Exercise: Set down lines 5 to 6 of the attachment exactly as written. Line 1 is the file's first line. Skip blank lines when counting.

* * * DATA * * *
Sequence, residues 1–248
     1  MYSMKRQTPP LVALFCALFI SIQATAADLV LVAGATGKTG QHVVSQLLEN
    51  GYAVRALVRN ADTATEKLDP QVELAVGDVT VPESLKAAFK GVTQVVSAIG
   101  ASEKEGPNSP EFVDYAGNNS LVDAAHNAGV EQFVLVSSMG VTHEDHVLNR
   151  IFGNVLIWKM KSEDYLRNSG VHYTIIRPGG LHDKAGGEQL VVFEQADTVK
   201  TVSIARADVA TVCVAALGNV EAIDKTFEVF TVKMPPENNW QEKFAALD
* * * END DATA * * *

   151  IFGNVLIWKM KSEDYLRNSG VHYTIIRPGG LHDKAGGEQL VVFEQADTVK
   201  TVSIARADVA TVCVAALGNV EAIDKTFEVF TVKMPPENNW QEKFAALD